Once you have one, a welder is truly one of those tools that will pay for itself in the first couple projects. How much would you pay for an aftermarket bumper? Or what would it cost you to have a roll cage built? Or what would the bill be for a custom suspension? You’ll often pay more in labor than you would for a decent home hobby welding rig. And once you own the welder, every time you use it will be like putting money in your pocket.
But if you’re new to the welding game balancing the proper machine for your needs against a budget that won’t put you in the poor house can be a challenge. You want to select a machine that has enough power to properly burn in suspension brackets, rollcage tubing, and spring pads, has enough duty cycle to lay more than a couple inches of weld bead at a time, and doesn’t require a crane and three friends to move it around. You have to weigh your power supply capabilities: 115-volt or 230-volt, the max amperage your home wiring can support, if you require portability (from home to jobsite), and the thickness and type of metal you’ll be fusing together. Most of the welding jobs we encounter in the garage are 1⁄8- to 3⁄16-inch steel and have beads less than 1-foot long. That means a 180-amp welder with a 30-percent duty cycle (3 minutes of continuous welding and 7 minutes resting) is more than adequate to get the job done.
We have a bevy of larger 216-to-255-amp Lincoln Electric welding machines in our corporate workshop at Jp magazine headquarters. The only problem is we’re rarely there to use them. And when we are there, our sister magazines like Car Craft or Hot Rod have some non-running mullet-machine parked in front of ’em. So we started eyeballing Lincoln machines for our home workshop. We initially settled on the company’s Power Mig 180C, which can be had as of press time for $699 after rebate. It’s rated for 180 amps, which is plenty for anything we’d need to weld for automotive use, but requires a 208/230-volt input. The 230-volt input isn’t a deal-breaker for our home shop, but it does limit the flexibility of where you can use the welder. Not too many hotels or motorhomes feature 230-volt plugs.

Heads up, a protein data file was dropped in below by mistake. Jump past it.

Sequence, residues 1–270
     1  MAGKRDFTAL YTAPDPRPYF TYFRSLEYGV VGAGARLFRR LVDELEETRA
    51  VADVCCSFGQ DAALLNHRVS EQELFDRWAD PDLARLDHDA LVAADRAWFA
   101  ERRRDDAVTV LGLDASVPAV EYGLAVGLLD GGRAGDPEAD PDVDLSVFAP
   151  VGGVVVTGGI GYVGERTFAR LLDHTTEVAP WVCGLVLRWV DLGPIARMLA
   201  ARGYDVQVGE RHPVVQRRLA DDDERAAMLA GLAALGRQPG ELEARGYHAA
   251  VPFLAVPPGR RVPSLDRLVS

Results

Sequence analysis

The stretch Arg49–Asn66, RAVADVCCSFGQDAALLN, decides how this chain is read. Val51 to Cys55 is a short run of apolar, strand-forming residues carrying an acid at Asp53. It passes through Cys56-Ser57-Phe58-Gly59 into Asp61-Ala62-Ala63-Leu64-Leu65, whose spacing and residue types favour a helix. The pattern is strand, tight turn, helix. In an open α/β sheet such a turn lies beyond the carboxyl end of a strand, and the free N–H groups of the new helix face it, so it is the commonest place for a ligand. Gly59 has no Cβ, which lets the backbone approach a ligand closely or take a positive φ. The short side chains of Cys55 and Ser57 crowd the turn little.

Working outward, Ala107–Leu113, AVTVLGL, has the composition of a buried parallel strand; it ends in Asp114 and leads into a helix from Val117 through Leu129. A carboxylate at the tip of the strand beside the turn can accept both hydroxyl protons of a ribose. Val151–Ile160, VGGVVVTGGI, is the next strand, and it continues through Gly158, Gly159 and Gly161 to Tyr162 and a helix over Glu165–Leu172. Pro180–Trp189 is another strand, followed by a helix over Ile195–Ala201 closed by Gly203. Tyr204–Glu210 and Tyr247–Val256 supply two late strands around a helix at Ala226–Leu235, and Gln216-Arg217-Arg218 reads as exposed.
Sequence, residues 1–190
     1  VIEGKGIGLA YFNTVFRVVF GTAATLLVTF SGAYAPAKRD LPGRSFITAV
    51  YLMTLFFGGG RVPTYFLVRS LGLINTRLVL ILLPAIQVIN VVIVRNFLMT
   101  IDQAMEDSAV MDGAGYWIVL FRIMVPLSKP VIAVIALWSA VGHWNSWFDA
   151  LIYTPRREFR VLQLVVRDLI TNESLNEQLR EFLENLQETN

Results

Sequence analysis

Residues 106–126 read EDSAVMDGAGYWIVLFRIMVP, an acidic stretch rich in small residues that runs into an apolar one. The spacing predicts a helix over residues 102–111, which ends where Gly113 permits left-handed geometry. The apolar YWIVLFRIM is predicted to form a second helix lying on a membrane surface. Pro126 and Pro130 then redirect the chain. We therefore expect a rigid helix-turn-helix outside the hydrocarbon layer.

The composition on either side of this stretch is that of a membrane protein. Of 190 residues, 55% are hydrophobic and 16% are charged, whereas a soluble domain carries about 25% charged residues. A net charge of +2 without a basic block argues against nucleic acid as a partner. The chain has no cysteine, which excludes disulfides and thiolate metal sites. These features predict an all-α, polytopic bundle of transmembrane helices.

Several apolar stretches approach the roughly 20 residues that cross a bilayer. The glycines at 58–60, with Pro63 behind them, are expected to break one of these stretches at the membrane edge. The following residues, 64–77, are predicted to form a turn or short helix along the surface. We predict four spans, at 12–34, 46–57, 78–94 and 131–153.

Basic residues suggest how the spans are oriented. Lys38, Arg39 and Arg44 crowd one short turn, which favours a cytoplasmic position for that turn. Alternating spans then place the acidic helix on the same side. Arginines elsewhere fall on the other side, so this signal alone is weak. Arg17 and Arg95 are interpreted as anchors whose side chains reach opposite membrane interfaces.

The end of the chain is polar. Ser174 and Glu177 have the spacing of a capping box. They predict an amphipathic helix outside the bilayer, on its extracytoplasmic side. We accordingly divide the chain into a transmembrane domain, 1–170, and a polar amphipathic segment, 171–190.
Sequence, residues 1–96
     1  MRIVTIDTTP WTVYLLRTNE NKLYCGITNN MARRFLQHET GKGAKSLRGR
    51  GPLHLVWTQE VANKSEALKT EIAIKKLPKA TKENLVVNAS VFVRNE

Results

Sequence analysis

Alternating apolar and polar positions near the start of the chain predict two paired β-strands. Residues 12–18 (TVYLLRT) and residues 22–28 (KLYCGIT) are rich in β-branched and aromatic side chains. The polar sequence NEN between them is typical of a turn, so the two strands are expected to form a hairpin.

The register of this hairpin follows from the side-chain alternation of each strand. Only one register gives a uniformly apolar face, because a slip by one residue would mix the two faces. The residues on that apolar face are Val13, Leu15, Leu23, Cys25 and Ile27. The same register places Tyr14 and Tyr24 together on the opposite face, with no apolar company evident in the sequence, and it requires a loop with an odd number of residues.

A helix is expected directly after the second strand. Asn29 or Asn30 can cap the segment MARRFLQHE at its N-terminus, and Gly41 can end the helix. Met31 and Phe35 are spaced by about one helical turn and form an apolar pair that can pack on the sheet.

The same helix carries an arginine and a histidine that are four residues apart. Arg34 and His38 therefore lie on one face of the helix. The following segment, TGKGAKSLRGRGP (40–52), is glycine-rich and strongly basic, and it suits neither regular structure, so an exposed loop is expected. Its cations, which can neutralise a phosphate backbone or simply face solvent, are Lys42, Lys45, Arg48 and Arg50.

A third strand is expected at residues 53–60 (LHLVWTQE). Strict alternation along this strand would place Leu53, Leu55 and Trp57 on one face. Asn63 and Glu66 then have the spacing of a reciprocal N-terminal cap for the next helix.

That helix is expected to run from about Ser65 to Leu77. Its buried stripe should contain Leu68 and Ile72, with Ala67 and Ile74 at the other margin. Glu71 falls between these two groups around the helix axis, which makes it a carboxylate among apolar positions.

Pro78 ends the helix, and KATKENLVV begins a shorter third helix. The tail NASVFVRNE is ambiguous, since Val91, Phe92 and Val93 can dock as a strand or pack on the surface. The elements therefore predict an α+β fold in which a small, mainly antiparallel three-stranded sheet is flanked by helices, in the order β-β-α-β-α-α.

But a week before we pulled the trigger on the Power Mig 180C, Lincoln unveiled its new Power Mig 180 Dual welder that can operate on either 115-volt or 208/230-volt current by quickly and simply changing the plug. At only 68 pounds it’s small and light enough to toss in a motorhome or stash in the hotel during wheeling trips in case unforeseen repairs are necessary. We can bring it to our buddys’ houses to weld on their junk, or run it anywhere off a 115- or 208/230-volt generator. So, using our new Lincoln Electric welder, check out some tips on shopping for your first welding rig and using it once it arrives. If you want more detail on learning to weld, Lincoln includes an informational DVD with the Power Mig 180 Dual that’s pretty good, or check out the website weldingtipsandtricks.com. MIG welding isn’t rocket science, so don’t be afraid to dive right in and get started!
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